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The Recipe to Maximize Fish Oil

Antarctic Krill
This small crustacean plays a critical role in the food chain by providing a healthy meal for ocean carnivores. Due to much research, humans are now catching on. Unlike fish, krill oil has two components that assist them in surviving the frigid waters of the Antarctic Ocean. The first is astaxanthin, a potent antioxidant that protects the cells and the oils from oxidative damage. Additionally, krill’s fatty acids EPA and DHA are bound to phospholipids—or little fat packages that are able to easily pass through your cellular membranes to deliver them since human cells are largely made of phospholipids. Omega-3s in phospholipid form are complementary when combined with those derived from fish oil.

Norwegian Herring Roe
The roe (fish eggs) in Omega Krill Complex is sourced exclusively from spring-spawning Norwegian herring. Commonly referred to as the caviar of fish oil, Romega® herring roe is packed with powerful nutrients meant to cultivate new life—including high natural levels of phospholipid-bound DHA in a 3-to-1 DHA-to-EPA ratio. This roe is unique not only because of its nutritional profile, but because it is environmentally friendly. The spring-spawning herring are already being wild caught by a certified and sustainable fishery. Meaning the harvesting doesn’t require additional fishing or impact on their ecosystem.

Pacific Sardine, Anchovy and Mackerel
While krill is uniquely beneficial due to its phospholipid-bound EPA and DHA, it takes a whole lot of it to meet the clinically-supported doses of EPA and DHA in a day’s supply of Omega Krill Complex. For complementary sources of EPA and DHA, we’ve combined Antarctic krill and Norwegian herring roe with wild-caught Pacific sardine, anchovy and mackerel to pack more benefits in two servings of Omega Krill Complex (a daily dose).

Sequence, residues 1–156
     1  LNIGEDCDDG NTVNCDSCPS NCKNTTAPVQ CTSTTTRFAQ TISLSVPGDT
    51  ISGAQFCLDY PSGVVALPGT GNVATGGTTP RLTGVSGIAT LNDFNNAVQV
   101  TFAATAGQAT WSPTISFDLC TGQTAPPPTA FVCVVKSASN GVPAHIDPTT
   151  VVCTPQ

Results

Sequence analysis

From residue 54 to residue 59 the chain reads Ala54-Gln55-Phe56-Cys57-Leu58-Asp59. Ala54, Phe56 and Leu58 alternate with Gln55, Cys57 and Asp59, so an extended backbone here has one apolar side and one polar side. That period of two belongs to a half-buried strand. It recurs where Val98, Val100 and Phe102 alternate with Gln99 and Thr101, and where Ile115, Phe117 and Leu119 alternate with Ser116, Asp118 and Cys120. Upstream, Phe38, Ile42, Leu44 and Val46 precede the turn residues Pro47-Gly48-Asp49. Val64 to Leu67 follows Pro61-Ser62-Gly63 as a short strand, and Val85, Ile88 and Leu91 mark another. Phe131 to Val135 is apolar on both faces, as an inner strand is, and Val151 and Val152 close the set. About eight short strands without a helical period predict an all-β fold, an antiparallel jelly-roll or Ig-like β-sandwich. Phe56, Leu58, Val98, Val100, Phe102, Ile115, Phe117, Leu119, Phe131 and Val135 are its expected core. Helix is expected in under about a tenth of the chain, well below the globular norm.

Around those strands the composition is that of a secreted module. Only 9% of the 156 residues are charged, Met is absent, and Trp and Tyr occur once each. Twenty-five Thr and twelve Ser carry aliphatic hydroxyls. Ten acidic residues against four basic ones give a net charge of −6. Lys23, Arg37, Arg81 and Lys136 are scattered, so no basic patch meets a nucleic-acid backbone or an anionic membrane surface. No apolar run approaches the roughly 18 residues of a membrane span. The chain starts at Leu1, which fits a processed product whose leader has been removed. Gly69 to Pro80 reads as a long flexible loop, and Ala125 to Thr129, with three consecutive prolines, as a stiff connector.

Natural Astaxanthin
The thing that will immediately catch your eye when you open a bottle of Omega Krill Complex is the beautiful, deep ruby red softgels. That color is all-natural, and it’s how you can tell it is packed with the powerful carotenoid antioxidant astaxanthin and krill oil. The only two natural sources of astaxanthin are the microalgae (Haematococcus pluvialis) that make it and the ocean life that eat the algae. It is a staple in the diet of krill and salmon, which is where they get their brilliant pigment. Omega Krill Complex is boosted with astaxanthin from these microalgae because it helps protect fatty acids and human cells from oxidative damage, resulting in whole-body benefits.5 You get eight times more astaxanthin in one serving of Omega Krill Complex compared to the same amount of just krill oil.

GLA (Gamma-linolenic Acid) from Borage Seed
Although technically considered to be essential fatty acids, omega-6 fatty acids as a group have gotten a bad rap due to a specific omega-6 called arachidonic acid—a precursor to pro-inflammatory eicosanoids. However, there is another beneficial type of omega-6 fatty acid called GLA. GLA is hard to come by in the traditional diet and has been used due to its powerful ability to support healthy skin.6 The GLA in Omega Krill Complex comes from borage seed (Borago officinalis), or starflower, a perfectly symmetrical flowering plant with deep blue petals. Borage seed is the highest-potency natural source of GLA available.

Hydroxytyrosol from Olive Fruit
Fish and olives represent two of the main foods in the Mediterranean diet, a diet historically rooted in traditional eating habits proven to promote health and longevity. In addition to omega-3s from fish, the olive fruit polyphenol hydroxytyrosol has shown powerful cardiovascular benefits.7 And it can help protect the omega-3s in fish oil from oxidation.

California Lemon Oil
Diners squeeze lemon zest on fish dishes for a reason! We added fresh California lemon oil to Omega Krill Complex for a bright, citrus-y taste.

 

5. Iwamoto 2000.
6. DeSpirt BrJNutr 2009.
7. EFSA 2011.